LIKE a good pupil, Ghana has enthusiastically followed the advice of the World Bank and International Monetary Fund to become a showcase of sorts on a continent blighted by despair and war.
As civil wars shake neighboring Sierra Leone and Liberia and corruption drains Nigeria's oil wealth, Ghana has quietly posted 5 percent economic growth per year over the past decade.
At Ghana's tiny stock exchange, neatly dressed traders swap a handful of shares three times a week, contacting their bosses with cellular telephones and recording deals with felt-tip pens. The exchange was one of the world's best-performing emerging stock markets in 1994.
But is the progress really as good as it seems? Can it last?
"All the indicators are negative. Inflation and money supply are increasing," says Ken Ofori-Atta, chairman of the Accra-based Databank Brokerage Ltd., an investment house. "Even though we have achieved so much over the past 10 years, we have increased our commodity exports as opposed to ... manufacturing."
His doubts are echoed across the country, where frustration is rising over 40 percent unemployment and 60 percent inflation. The cedi currency has declined steadily against the dollar, eroding people's purchasing power.
Last May five Ghanaians died as normally nonviolent Accra residents protested a 17.5 percent value-added tax on goods.
Among the other problems economists see:
*Government overspending and dependence on foreign aid and commodity exports will prevent Ghana from emulating the rapid industrialization of Singapore, Malaysia, or South Korea.
*Interest rates of 50 percent provide scant incentives for those wanting to borrow money to start new businesses.
*Growth is not keeping pace with soaring population numbers, so the average Ghanaian is worse off than he or she was several years ago. Unlike 10 years ago, there are light bulbs, steaks, and toilet paper in Accra shops; but most people lack electricity and plumbing in their homes.
*As for the stock exchange, most trades are in one company, Ashanti Gold Fields, and most of the country's 15 million people have no shares.
Ghana will be closely watched as it tries to overcome these challenges. The nation has been a trend-setter in Africa since 1957, when it became the continent's first state to win independence.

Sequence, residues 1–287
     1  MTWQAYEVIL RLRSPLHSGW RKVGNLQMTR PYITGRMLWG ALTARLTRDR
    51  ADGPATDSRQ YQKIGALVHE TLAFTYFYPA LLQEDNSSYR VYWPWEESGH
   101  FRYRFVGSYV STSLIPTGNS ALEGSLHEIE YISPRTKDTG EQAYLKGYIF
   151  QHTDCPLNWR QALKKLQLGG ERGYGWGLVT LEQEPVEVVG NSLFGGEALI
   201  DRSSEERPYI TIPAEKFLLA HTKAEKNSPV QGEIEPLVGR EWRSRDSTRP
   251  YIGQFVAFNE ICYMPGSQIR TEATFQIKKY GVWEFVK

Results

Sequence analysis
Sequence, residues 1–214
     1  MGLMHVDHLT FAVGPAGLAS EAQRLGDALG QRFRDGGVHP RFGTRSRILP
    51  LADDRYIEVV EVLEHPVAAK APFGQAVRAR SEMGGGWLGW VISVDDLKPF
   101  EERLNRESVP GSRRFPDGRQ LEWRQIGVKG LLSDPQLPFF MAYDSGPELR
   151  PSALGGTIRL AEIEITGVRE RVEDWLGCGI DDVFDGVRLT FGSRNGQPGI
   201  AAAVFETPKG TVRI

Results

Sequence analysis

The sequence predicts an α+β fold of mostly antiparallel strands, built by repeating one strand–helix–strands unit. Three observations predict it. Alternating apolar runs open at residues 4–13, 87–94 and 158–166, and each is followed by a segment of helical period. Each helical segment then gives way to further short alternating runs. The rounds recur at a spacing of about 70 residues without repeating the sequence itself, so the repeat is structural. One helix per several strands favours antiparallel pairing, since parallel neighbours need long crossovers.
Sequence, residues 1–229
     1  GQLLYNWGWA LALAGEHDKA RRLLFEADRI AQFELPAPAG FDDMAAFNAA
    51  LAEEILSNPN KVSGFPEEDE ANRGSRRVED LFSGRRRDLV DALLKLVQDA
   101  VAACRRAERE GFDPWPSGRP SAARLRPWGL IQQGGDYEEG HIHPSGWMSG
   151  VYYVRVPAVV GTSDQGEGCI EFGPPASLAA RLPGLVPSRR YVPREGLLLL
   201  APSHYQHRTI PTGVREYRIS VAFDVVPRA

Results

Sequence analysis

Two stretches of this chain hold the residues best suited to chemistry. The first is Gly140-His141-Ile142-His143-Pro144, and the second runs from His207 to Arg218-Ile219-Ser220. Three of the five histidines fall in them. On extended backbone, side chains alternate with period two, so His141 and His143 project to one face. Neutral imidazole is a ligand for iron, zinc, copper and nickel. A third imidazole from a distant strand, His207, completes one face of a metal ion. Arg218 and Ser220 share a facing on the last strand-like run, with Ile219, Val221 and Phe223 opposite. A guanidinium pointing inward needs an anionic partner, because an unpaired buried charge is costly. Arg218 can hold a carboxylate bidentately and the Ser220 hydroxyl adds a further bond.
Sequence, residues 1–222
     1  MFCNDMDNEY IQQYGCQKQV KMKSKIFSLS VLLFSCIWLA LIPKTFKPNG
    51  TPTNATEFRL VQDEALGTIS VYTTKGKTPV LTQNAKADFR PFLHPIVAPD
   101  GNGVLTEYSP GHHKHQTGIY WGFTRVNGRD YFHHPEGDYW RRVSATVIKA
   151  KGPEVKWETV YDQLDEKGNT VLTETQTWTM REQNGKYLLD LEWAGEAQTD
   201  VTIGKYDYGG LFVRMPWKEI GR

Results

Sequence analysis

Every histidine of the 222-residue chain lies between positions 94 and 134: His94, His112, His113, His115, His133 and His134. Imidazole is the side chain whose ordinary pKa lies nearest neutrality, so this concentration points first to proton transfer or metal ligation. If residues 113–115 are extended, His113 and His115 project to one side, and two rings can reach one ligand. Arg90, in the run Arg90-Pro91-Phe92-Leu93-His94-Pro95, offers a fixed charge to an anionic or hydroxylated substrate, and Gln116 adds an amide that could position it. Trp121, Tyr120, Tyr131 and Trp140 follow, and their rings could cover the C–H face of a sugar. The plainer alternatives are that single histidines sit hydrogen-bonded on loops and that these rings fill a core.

It was in the vanguard experimenting with socialism, and began liberalizing its economy soon after the 1979 coup by Jerry Rawlings, long before the austere dictates of the International Monetary Fund (IMF) became fashionable in developing nations.
The nation has much progress to show for its efforts.
New services have been created. Construction is booming to build offices for a new breed of entrepreneurs. With the help of good cocoa crops, a relatively well-educated population, rich gold reserves, and political stability, Ghana has become a source of hope both to other African countries and foreign donors.
BUT now diplomats worry that corruption and crime, the scourge of most African countries, will sully Ghana as the desperate seek ways to survive.
For instance, illegal digging has become the norm in the Akwatia diamond area. Smugglers offer murky pebbles wrapped in dirty paper to some visitors for $300 - 10 times the average monthly wage.
Townspeople were outraged when thieves broke the fence on the grounds of the local Roman Catholic girls' school and dug big holes for diamonds. Then they robbed the trees of palm nuts to eat. "This never would have happened before," says Hawah Brimah, the school's typist. "But people need to survive."
Elections in November 1996 appear unlikely to bring dramatic policy changes. Diplomats doubt the fractured opposition can beat Mr. Rawlings, though it may gain turf in parliament. And Peter Ala Adjetey, chairman of the main opposition National Patriotic Party, finds little to fault the government on other than not bucking the IMF on policies that hurt local development.